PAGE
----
Bargaining unit employees not only will lose $2,880 worth of vacation leave as shown above, they could lose an additional 48 hours toward their sick leave fold-in, resulting in the $5,000 loss Janice Grady calculated for other employees.
The City has not cleared its new proposal with PERS (TR-25). Therefore the City cannot guarantee that its proposal will "cure" the PERS issue that it faces.
PERS statutes require that an employer account the lowest accumulation of sick leave credits accumulated by a regular employee. If bargaining unit employees may change the status of sick leave to vacation, reducing the number of hours they accumulate in the sick leave bank by 48 hours per month, would not the City be back in the same position that it is now?
(6) The City claims that Ballot Measure 8 produced this problem. This claim is untrue. As John Carlon testified, the City did not raise Ballot Measure 8 as support for its ETO/EIB proposal in the current contract. Also note that the PERS fold-in statute was unchanged during this time.
(7) According to the Association, the City has other options available to rectify the loss of hours to other City employees (TR-34, 35). The City has not fully explored its options, nor has it entered negotiations with other employee groups concerning this issue.(7) According to the Association, the City has other options available to rectify the loss of hours to other City employees (TR-34, 35). The City has not fully explored its options, nor has it entered negotiations with other employee groups concerning this issue.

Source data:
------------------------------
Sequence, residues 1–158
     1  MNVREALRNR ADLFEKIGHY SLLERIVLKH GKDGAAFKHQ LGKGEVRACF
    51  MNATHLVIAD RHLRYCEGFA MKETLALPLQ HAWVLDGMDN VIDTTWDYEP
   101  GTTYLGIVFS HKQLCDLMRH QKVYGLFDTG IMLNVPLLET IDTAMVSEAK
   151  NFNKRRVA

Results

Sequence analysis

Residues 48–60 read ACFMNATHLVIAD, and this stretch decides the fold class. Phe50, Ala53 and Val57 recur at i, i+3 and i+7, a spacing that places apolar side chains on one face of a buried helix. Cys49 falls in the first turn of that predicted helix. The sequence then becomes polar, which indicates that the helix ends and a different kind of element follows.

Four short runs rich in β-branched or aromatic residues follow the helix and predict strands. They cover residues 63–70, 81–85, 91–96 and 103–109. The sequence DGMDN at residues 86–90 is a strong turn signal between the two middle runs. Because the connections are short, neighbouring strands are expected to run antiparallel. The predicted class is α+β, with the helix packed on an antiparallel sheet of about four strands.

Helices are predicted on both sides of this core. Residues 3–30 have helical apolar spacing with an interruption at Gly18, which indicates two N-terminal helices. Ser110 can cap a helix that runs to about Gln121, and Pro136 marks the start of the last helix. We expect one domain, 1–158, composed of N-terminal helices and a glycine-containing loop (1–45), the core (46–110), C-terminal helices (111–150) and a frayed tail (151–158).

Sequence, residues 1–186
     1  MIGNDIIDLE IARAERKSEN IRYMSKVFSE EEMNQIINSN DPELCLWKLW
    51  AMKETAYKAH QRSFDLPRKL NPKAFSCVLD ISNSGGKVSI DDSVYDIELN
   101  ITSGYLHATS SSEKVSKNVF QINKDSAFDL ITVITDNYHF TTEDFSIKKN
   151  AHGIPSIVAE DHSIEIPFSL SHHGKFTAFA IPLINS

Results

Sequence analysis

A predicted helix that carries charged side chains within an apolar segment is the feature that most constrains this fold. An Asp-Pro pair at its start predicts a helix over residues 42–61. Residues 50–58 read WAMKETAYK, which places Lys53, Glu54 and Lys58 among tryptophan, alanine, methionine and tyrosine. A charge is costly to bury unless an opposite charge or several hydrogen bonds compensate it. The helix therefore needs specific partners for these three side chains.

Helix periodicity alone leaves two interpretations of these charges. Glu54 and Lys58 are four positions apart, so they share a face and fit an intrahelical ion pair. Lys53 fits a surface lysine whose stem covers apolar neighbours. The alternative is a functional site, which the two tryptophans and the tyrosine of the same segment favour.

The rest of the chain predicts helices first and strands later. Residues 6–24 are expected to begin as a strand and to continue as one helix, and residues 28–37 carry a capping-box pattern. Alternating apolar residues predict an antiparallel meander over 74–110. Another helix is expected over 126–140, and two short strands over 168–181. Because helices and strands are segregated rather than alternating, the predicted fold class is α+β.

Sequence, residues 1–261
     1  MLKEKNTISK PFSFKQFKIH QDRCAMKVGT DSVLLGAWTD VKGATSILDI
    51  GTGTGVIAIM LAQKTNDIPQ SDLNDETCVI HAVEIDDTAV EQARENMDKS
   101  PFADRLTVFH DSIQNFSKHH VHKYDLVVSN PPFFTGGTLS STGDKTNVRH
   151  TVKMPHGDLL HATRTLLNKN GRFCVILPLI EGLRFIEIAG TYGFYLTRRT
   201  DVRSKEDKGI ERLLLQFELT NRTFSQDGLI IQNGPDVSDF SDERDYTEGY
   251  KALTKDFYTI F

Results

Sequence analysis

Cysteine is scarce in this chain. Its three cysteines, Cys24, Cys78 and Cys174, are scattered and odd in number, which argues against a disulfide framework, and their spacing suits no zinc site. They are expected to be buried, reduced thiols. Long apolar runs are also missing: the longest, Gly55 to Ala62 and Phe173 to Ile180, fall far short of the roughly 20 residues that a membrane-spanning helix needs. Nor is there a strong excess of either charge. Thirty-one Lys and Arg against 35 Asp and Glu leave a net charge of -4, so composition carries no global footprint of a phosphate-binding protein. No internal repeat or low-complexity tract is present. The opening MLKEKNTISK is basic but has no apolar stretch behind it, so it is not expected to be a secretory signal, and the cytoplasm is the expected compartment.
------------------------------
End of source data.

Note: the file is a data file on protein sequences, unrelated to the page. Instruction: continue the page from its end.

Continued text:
(8) The City's proposal is not designed to minimize the impact on the Association. John Carlon testified that the Association settled the last contract with the ETO/EIB program as part of the bargain (TR-37). He testified that the Association accepted less in wages, given the benefit of the ETO/EIB program (TR-41).
(9) The City's proposal would provide police employees 144 hours less at retirement and would provide them the lowest wage increase of any City work group. The City clearly has not recognized the value of ETO/EIB to police employees. It wants to treat its other employees "fairly," but seeks to do so at the expense of the Association.
(10) In a dispute between the City of Bend and its firefighters, Arbitrator Snow addressed the burden of proof that the party proposing a change in a last best offer circumstance has. He stated that that party must show evidence that the existing circumstance is unworkable or inequitable, must show evidence of a quid pro quo and must show proof of a compelling need.
(11) Here, the Association claims, the City could not prove a compelling need. It has no mandate to alter its sick leave program and continues to report 8 hours sick leave per month for other employees.
(12) The City has overstated the potential harm to its other employees. Janice Grady estimated a loss of $10,000. PERS does not allow a 100% "fold-in" of sick leave hours, but limits fold-ins to 50% of the employee's accumulated but unused sick leave (TR-34). Thus the potential loss is only half of what the City claims.
(13) The City has not shown a "compelling need" to alter the Police Association contract to rectify the PERS problem. The City has not given serious consideration to other remedies. Since the potential harm is to other employee groups, it seems odd that the City has not attempted a remedy with those groups (see Exh. A-21).